“We are on track to commission a bulk X-ray system early in 2014, which was procured on a rental basis,” he said.

Wednesday, November 27, 2013

Rockwell continues production of large diamonds in Middle Orange with recovery of 287-carat stone

Rockwell Diamonds Inc. announces the recovery of a 287-carat diamond from its operations in the Middle Orange River region which is of commercial colour and makeable in shape. As the fifth large stone from this resource in three months, this recovery further reinforces management's decision to focus operations in Middle Orange region.

The diamond will be sold into the beneficiation joint venture with Steinmetz Diamonds at market value with Rockwell participating equally in the value uplift once it has been polished and sold.
Commenting on the recovery of this large stone James Campbell, CEO and President said:
"This 287-carat diamond is only the second rough diamond exceeding 200 carats produced by Rockwell in its eight year history and is one of the largest stones produced in the Middle Orange in recent times. The stone was recovered from the Saxendrift Extension property acquired in March 2012 and follows the recovery of four plus 100-carat diamonds in September 2013. These results show that our plants are correctly geared for the recovery of large diamonds that characterize the Middle Orange River region. This is also a strong validation of our strategy to grow our alluvial production volumes to 500,000m3 per month in order to produce large stones more regularly and improve Rockwell's quarterly earnings performance."

Tuesday, November 26, 2013

Tiffany & Co.'s 3Q Sales +7%, Profit Jumps as Costs Ease

Tiffany & Co. reported that revenue increased 6.9 percent year on year to $911.5 million for the third quarter that ended on October 31. Same-store sales rose 7 percent. Cost of sales rose 0.9 percent to $392 million and profit surged 49.7 percent to $94.6 million. Inventory increased 8.3 percent year on year to $2.42 billion.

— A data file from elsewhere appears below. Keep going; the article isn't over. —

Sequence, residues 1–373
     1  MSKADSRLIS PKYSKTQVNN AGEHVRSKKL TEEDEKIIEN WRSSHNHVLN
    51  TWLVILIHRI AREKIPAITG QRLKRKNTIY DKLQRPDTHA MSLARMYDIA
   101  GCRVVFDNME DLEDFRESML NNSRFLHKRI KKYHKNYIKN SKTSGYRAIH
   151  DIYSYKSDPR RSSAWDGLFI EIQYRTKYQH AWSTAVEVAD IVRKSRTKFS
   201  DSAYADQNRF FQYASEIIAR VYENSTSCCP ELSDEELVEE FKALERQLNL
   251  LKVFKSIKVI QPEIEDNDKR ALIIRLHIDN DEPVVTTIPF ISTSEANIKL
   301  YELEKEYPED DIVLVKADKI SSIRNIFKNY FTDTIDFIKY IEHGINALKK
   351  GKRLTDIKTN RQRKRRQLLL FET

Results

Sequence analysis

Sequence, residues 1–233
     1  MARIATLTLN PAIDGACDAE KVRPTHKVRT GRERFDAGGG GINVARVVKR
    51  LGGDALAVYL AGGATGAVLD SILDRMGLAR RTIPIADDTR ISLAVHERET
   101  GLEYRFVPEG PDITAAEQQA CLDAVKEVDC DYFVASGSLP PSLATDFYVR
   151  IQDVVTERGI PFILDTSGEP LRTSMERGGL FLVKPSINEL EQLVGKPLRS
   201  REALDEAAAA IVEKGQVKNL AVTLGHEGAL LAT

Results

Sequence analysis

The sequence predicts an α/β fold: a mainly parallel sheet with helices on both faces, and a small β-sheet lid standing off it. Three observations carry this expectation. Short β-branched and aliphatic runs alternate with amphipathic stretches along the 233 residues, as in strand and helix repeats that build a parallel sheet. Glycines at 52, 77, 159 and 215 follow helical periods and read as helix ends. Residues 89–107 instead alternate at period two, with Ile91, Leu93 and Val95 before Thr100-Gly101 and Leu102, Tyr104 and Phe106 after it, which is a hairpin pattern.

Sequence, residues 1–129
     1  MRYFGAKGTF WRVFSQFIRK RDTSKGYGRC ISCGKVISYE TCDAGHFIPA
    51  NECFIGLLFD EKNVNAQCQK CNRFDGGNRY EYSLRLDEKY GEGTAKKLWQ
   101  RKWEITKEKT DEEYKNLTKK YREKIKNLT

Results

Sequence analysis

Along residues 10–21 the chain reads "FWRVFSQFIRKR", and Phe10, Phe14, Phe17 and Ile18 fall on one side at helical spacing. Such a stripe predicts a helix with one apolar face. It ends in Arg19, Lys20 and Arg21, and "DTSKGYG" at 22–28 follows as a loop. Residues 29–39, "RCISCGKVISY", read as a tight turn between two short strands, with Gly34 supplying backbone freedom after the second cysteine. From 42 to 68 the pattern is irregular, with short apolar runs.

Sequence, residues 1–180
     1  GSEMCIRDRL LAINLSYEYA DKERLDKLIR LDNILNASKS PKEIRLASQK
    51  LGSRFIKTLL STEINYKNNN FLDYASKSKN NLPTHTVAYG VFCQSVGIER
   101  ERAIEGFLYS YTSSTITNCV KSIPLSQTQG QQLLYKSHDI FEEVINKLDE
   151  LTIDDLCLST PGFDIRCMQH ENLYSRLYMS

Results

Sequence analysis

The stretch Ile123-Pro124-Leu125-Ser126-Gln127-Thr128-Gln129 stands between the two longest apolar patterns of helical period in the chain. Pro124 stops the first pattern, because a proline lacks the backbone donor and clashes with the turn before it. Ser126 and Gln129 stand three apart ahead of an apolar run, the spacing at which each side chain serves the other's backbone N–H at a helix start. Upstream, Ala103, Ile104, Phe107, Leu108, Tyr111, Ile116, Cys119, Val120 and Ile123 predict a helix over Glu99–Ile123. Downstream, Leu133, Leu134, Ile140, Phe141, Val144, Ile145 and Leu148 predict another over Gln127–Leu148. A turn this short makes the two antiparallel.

By region, sales improved 4 percent year on year to $417 million in the Americas, with comparable-store sales up 1 percent, while revenue surged 27 percent to $238 million across the Asia-Pacific region and same-store sales jumped 22 percent. Tiffany’s business in Japan was affected by a negative translation effect from a substantially weaker yen, so revenue fell 13 percent to $128 million; however, comparable-store sales rose 5 percent.  costs, margin
In Europe, Tiffany & Co.'s revenue increased 7 percent $104 million and same-store sales rose 2 percent, primarily led by growth in the U.K.
Gross margin  increased 2.6 points to 57 percent from 54.4 percent one year ago largely the result of reduced product cost pressure, as well as price increases that Tiffany & Co. implemented in early 2013. The jeweler also observed a shift in the sales mix toward higher-priced, lower gross margin products has continued to offset a portion of these benefits.
Tiffany & Co.'s guidance for the fourth quarter suggested mid-single digit sales improvement in U.S. currency, with earnings increasing by 10 percent to 20 percent.
Michael J. Kowalski, the CEO of Tiffany & Co., said,  “We are very pleased with our overall results. Worldwide sales growth in the quarter demonstrated the growing power of the Tiffany & Co. brand and the benefits of our expanding global presence. Operating earnings rose faster than sales, reflecting favorable product cost trends and ongoing well-controlled expenses. We’re experiencing excellent customer response to our expanded fashion jewelry designs, highlighted by the ATLAS collection, as well as continued growth in our fine and statement jewelry, with particular strength in our yellow diamond collection.”


Monday, November 25, 2013

Belgium raises issue of 2 percent duty on diamond imports by India

Belgium today raised the issue of imposition of 2 per cent duty on imports of polished and cut diamonds by India during a meeting with Commerce Minister Anand Sharma.

Diamonds account for a large part of trade between India and Belgium.

The diamond duty issue was discussed at the meeting of Sharma with Princess Astrid of Belgium and its Deputy Prime Minister Didier Reynders here.

According to an official, Sharma conveyed to the visiting side that the measure was necessitated due to economic reasons and the tax is applicable for imports from all the countries - not targeted specifically at diamond imports from Belgium.

"The Belgian side discussed the consequences of the recent special import tax of 2 per cent re-instituted by India on exports of polished and cut diamonds," the official said.